Let's get to it . . .
Dave from Ada, OK:
Is there any feel for what kind of owner Shad Khan will be now that he has more understanding about being an NFL owner? Is he going to be more “hands-on” and try to micromanage the team, or is he going to stick with the 'departmental' approach, and give his head coaches and general managers autonomy as long as they perform? The reason I ask is because of the Tebow-to-Jacksonville issue where Khan asked Gene to try to acquire him for the Jags. Are potential general managers going to see Khan as someone who interferes with their decision making, or not?
John: I don’t know how candidates for general manager will perceive Khan, but if a candidate is smart, he’ll make a decision based on his conversations with Khan rather than perception. The reason I say that is this: the Tebow situation last March has been interpreted by some as Khan “interfering” with Gene Smith. Did Khan ask Smith to pursue Tebow? Yes. Khan has said as much. But Khan told Smith to pursue it and allowed Smith and the Jaguars’ football people to be forthcoming with Tebow, telling Tebow they wanted him while being clear about his potential role. This reportedly helped Tebow decide to go to the Jets. Khan could have forced the issue by offering Denver more or better draft picks for Tebow, and he also could have forced the issue by telling Smith and Mike Mularkey to play Tebow at quarterback. He easily could have told Smith and the football people, “I want Tim Tebow at all costs and he will play quarterback.” He did not do that. Did Khan get involved on that issue? Yes. He owns the team. He can be – and should be – involved on big-picture issues, but given how it played out, I doubt the Tebow situation last March would scare off candidates.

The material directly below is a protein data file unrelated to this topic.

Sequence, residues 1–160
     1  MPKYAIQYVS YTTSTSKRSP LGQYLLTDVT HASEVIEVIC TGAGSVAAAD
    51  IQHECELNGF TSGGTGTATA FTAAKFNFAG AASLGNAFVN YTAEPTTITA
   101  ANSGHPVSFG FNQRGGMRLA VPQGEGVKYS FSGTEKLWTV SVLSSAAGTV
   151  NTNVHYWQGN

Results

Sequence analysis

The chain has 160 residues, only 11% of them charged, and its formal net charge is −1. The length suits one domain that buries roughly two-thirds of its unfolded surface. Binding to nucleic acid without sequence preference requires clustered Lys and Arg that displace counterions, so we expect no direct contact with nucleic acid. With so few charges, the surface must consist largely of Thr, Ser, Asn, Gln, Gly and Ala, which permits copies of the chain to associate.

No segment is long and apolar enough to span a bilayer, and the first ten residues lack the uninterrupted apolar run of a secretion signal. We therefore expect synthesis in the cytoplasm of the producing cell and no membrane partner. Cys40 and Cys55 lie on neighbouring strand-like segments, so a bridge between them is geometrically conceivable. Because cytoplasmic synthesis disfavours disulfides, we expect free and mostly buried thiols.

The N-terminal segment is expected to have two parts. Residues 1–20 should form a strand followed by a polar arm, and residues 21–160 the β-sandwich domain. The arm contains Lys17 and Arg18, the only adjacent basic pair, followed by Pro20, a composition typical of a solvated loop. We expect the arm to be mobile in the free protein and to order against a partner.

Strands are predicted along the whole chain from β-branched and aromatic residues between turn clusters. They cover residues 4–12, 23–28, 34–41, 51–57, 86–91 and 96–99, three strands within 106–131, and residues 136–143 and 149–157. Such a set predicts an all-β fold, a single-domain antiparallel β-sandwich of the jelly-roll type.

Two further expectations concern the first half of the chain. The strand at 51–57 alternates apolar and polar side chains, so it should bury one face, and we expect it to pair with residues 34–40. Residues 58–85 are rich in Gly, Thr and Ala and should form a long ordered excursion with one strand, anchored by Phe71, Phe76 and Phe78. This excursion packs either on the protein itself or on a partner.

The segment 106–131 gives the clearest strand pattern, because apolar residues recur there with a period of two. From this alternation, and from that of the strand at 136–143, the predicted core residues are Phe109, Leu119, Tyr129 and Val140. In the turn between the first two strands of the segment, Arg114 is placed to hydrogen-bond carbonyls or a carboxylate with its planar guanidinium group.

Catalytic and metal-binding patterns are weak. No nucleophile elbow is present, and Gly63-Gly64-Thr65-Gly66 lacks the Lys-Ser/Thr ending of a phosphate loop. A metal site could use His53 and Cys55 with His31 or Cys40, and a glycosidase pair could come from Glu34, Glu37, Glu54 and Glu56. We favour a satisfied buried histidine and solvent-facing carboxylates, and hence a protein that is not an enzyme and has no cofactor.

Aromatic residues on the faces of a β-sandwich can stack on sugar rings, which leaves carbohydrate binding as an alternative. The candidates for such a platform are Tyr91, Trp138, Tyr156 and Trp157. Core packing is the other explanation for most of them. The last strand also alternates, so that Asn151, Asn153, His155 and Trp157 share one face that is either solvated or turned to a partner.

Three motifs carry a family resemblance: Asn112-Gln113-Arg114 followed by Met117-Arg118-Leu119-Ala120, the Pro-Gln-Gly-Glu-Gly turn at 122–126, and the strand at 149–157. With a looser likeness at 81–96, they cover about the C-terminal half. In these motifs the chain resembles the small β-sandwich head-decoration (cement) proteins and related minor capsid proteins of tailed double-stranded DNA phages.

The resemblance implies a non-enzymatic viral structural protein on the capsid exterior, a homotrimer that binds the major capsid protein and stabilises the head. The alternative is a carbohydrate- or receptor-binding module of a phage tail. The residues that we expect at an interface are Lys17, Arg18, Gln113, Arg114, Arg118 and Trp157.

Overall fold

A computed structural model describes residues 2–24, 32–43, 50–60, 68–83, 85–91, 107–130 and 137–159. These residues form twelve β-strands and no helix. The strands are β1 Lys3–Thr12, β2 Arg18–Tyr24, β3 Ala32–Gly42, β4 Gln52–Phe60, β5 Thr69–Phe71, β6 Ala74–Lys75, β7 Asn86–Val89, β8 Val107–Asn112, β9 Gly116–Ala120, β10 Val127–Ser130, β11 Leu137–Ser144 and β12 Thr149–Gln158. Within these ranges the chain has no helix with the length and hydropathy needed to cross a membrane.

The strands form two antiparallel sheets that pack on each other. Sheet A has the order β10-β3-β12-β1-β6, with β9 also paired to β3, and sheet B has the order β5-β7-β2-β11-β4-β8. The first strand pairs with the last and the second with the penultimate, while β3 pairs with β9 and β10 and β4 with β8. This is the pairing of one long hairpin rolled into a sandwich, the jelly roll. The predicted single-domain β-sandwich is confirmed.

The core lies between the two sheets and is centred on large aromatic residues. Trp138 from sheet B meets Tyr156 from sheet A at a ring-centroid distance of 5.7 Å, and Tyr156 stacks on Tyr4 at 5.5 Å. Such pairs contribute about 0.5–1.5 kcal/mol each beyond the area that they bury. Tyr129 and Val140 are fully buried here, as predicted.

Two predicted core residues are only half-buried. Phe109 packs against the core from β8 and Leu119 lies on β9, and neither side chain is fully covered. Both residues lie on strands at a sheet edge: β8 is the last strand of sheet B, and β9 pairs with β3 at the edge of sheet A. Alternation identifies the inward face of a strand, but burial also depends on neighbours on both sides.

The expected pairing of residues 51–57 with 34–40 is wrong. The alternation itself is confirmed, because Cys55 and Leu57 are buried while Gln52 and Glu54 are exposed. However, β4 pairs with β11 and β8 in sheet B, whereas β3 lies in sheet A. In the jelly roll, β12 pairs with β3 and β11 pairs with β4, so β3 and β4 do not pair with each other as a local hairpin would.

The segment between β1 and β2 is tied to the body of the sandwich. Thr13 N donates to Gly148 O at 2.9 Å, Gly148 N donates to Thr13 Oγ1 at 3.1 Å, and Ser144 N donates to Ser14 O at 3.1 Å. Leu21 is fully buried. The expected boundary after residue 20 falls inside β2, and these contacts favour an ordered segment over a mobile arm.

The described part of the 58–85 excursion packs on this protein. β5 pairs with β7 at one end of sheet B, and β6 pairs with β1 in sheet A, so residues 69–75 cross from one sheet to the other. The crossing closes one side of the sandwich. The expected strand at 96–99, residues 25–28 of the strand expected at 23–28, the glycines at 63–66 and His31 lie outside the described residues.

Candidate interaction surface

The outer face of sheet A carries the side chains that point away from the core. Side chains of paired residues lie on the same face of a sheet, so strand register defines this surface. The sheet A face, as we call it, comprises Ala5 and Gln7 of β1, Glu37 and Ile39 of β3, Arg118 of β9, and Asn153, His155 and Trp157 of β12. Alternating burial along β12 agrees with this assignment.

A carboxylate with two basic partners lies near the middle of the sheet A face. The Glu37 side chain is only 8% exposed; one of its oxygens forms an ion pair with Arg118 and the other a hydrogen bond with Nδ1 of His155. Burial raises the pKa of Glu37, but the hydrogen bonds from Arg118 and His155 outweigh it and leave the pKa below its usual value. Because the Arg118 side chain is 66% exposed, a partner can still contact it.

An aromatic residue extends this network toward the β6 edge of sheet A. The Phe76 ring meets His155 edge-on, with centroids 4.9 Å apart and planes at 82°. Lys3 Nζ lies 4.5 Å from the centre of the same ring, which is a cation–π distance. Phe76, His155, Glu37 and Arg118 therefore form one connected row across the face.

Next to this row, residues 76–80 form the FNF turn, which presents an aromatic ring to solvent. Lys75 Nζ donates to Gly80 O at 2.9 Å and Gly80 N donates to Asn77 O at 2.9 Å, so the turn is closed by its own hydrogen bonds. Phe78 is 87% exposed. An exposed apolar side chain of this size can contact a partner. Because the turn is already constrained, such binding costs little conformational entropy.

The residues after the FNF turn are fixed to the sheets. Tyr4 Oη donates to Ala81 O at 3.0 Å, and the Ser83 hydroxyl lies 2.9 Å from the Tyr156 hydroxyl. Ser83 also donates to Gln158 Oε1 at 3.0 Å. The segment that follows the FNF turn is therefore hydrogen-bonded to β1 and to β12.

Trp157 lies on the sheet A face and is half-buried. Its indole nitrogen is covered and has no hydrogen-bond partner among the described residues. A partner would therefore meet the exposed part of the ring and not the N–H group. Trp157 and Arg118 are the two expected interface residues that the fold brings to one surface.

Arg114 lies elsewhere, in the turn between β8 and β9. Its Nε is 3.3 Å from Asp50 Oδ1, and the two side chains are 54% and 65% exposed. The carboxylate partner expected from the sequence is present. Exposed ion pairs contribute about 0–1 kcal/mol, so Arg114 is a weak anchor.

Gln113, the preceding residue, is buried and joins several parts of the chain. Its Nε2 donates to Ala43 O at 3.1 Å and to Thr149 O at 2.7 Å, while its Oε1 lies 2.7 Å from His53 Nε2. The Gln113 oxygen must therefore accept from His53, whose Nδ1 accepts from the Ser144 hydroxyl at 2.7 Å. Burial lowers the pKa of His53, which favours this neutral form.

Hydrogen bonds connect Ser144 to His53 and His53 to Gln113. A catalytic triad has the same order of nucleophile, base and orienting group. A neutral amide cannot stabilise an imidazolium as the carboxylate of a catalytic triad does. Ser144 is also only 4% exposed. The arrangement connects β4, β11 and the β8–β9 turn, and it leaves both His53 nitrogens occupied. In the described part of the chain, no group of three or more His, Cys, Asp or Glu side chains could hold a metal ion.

Marcus from Jacksonville:
Is it odd that the Jags are (reportedly) interviewing two guys from the Cardinals for the open general manager job? In my opinion, you need to get a general manager that comes from a team that has had consistent success and has shown the ability to restock players seamlessly through the draft and free agency. Granted, the Cardinals did go to the Super Bowl somewhat recently, but other than that, they've been unsettled and underwhelming at quarterback, mediocre to worse at running back, and with the exception of a few bright spots on the roster, they're just an OK team at best. Why do we want to pull a general manager from a place that has not succeeded in evaluating and picking players?
John: The notion that every general manager hire must come from a contending team is common, but also incorrect. First, a huge factor for a team’s success is quarterback, so to eliminate candidates from a team that has struggled to find one is to eliminate half the candidates in the NFL. Also, just because someone has worked for a team that has struggled doesn’t mean that person is doing a poor job. He may be saddled with a general manager who won’t listen to the staff, or he might be with a team that’s close to turning the corner. By the same token, getting a general manager from a team that has had success could mean you’re getting a guy who has been on a staff fortunate enough to have an elite quarterback but has been pedestrian elsewhere. That team can still win. Having worked for a successful team is one element on the resume, but it shouldn’t be the end all.
Alex from New York, NY:
Where does Ray Lewis rank all-time for you?
John: Up there.
Stevie from Cork, Ireland:
Will deciding to allow the new general manager to make the final decision on whether to keep Mularkey cost the Jaguars a shot at one of the higher- profile head coaches (e.g. Andy Reid or Lovie Smith) as they will most likely have new teams by the time the new general manager is hired and (possibly) fires Mularkey?
John: It could in theory, but as I mentioned in our live chat Thursday on jaguars.com, the general manager position is important enough that you want to make sure you get it right. I expect the Jaguars to make their decision on a general manager by early next week – that’s a guess. At that point, a head coach or two could have been hired, but remember: Mike Mularkey is the head coach of the Jaguars, and we haven’t heard anything official that that won’t be the case. Also, even if you were going to make a change at the spot, you wouldn’t want to hire a new head coach before you hired the new general manager, so not making a decision on Mularkey yet really doesn’t set the Jaguars back.